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PreSonus XMAX vs Art ProChannel vs. EHX 12AY7 pre-amps.

I'm contemplating my next buy. It will be a preamp. I'm looking for "that tube sound". I need richness and clarity, etc. This preamp is primarily for vocals. If it does vocals well, then I'm happy. I can always try it out on other things.

That being said, I'm torn between these two:

[=""]ART Pro Channel Tube Mic Preamp: Shop Pro Audio & Other Musical Instruments | Musician's Friend[/]=""]ART Pro Channel Tube Mic Preamp: Shop Pro Audio & Other Musical Instruments | Musician's Friend[/]

[[url=http://="…"]Electro-Harmonix 12AY7 Tube Microphone Preamp: Shop Pro Audio & Other Musical Instruments | Musician's Friend[/]="…"]Electro-Harmonix 12AY7 Tube Microphone Preamp: Shop Pro Audio & Other Musical Instruments | Musician's Friend[/]

My current rig uses the PreSonus FP10 (formerly Firepod). I am happy with the transparent XMAX preamps it has, but I want something better for my vocals. My voice is getting strong enough (or "pro" enough) to warrant a dedicated preamp for it.

Any advice?


bigtree Thu, 10/06/2011 - 12:48

It does look very nice and will be much better than what you are using. The reviews on it are amazing. Plus, if Dave likes them, there must be good reason. Here's an interesting video from Bill Roberts Brady.

and ProAudioStar who has it hyped to the max!

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hueseph Mon, 11/21/2011 - 21:56

assemblethelight, post: 379233 wrote: From my research and also looking at the your budget, i would probably go a bit higher in price and get a Golden Age Pre-73. Why? Well, because if you do not like its stock sound, then you can def invest into modding it. They are $375

My bro just picked up the GAP73 a couple of weeks ago. He sent me some audio samples for me to blind listen compared to his old Mackie mixer. Needless to say there was no contest. The GAP73 is a sweet sounding preamp. It really has a way of toning down the highs. Of course this was an unfair comparison but I can tell you that you would be hard pressed to find a stock preamp in any of the mid range and probably some of the high end audio interfaces that could come close. For the price, it's an incredible bargain.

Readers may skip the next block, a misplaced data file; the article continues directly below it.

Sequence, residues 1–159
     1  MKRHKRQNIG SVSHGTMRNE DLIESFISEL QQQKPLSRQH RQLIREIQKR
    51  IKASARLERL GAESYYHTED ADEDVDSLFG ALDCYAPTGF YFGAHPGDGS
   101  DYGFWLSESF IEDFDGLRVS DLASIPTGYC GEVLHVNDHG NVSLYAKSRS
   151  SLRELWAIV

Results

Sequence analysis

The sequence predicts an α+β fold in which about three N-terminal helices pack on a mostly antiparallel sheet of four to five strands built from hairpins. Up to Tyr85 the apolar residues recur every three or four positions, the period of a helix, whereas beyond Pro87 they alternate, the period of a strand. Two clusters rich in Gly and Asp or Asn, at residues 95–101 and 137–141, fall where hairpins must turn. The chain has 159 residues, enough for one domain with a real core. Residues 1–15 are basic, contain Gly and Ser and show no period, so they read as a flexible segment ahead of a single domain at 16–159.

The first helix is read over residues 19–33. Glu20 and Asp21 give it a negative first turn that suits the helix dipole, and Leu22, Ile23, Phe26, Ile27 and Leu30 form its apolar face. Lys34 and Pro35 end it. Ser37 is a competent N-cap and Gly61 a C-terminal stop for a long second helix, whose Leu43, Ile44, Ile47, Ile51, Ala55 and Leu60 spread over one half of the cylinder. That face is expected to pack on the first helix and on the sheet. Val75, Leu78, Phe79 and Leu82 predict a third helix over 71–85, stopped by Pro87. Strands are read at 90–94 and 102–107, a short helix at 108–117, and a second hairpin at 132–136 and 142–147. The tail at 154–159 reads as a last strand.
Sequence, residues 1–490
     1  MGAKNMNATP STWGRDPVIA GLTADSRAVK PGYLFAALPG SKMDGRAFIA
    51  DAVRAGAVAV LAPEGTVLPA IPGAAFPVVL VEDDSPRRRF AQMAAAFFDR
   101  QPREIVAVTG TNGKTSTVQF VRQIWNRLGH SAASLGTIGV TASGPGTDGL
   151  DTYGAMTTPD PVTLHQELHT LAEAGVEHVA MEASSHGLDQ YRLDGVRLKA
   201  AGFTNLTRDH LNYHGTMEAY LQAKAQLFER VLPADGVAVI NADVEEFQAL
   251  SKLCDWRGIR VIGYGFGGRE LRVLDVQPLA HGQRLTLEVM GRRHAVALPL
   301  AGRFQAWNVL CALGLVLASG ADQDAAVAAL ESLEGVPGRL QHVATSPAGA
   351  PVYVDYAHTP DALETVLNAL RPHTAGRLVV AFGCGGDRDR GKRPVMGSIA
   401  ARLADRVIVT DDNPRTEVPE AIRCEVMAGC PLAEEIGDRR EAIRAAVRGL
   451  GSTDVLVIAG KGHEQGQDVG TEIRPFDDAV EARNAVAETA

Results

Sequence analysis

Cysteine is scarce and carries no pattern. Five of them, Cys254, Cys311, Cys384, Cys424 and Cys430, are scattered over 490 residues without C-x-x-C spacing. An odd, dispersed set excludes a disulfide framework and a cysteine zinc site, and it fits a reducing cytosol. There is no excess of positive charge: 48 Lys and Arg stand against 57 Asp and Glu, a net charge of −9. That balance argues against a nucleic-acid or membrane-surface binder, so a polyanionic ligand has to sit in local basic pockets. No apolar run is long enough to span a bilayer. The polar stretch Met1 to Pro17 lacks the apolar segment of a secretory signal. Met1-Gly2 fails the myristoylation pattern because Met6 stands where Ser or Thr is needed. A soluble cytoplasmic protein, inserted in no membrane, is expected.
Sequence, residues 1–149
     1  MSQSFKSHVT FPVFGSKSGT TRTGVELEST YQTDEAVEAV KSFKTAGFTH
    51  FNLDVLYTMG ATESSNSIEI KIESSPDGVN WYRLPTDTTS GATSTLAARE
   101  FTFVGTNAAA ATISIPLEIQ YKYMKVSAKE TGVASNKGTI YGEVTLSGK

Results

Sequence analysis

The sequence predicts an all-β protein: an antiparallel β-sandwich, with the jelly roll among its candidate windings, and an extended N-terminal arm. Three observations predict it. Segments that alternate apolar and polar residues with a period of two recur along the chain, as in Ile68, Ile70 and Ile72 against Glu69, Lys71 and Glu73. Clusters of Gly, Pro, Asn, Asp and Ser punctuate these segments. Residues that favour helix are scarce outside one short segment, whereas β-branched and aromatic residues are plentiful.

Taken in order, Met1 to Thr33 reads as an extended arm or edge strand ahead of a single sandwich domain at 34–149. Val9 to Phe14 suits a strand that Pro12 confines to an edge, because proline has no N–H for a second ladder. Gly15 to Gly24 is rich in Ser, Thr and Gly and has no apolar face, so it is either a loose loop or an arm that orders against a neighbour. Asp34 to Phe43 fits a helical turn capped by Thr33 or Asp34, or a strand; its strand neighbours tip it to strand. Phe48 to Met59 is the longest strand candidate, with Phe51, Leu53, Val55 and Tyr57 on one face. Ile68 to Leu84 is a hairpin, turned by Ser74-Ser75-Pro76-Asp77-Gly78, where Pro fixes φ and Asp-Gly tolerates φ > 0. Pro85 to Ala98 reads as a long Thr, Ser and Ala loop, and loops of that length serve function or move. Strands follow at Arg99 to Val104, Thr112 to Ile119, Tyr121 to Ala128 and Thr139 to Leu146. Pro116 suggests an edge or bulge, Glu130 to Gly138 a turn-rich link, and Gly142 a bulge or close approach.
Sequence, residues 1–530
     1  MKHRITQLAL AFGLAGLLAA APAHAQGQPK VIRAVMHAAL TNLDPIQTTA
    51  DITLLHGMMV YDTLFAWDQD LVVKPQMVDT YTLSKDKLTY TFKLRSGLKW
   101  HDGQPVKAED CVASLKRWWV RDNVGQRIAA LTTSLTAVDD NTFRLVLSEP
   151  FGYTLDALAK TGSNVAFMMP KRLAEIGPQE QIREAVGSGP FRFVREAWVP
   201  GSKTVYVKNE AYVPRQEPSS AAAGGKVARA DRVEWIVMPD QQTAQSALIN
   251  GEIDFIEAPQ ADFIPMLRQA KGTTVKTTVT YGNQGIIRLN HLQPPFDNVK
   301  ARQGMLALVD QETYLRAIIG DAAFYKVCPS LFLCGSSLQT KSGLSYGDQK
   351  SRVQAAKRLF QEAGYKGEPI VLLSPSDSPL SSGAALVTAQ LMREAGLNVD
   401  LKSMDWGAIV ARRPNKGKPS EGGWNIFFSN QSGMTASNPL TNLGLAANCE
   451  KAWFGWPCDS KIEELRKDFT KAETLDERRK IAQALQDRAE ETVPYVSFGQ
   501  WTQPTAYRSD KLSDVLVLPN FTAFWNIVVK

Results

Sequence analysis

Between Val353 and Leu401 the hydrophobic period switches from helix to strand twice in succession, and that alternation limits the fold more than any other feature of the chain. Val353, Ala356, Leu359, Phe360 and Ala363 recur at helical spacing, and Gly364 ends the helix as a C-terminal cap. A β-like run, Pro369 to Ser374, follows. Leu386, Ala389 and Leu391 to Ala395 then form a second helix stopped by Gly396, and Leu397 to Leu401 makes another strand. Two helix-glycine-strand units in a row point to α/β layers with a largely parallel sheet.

RemyRAD Fri, 10/07/2011 - 20:44

John, might I suggest a simple transformer for your current preamp? I think the Transformers are more relevant than the search for the tube sound. When the sound goes into that coil and goes round & round, it comes out at different frequencies, at different speeds. It's these phase variations from input to output That we have come to enjoy the sound of. Phase differences do not just exist between 2 different microphones or two different inputs, etc.. And it's these minute variations that make a distinctive difference in what we perceive. A UTC, Triad, Jensen, St. Ives by itself might just do the trick. Being microphone transformers however, they provide free amplification before it goes into your microphone preamp. If it's a ratio of 1:6 you get six DB of gain. 1:10, 10 DB of gain, 1:15, 15 DB of free application. No strings attached. Call now! Operators standing by! Generally you will find that most tube equipment has an input transformer to begin with. Wonderful transistor preamps like API, NEVE, all use transformers and all have that warm quality that everybody enjoys on vocals. If you have neutered sounding preamps you will have a neutered sounding vocal. So better isn't necessarily better but different.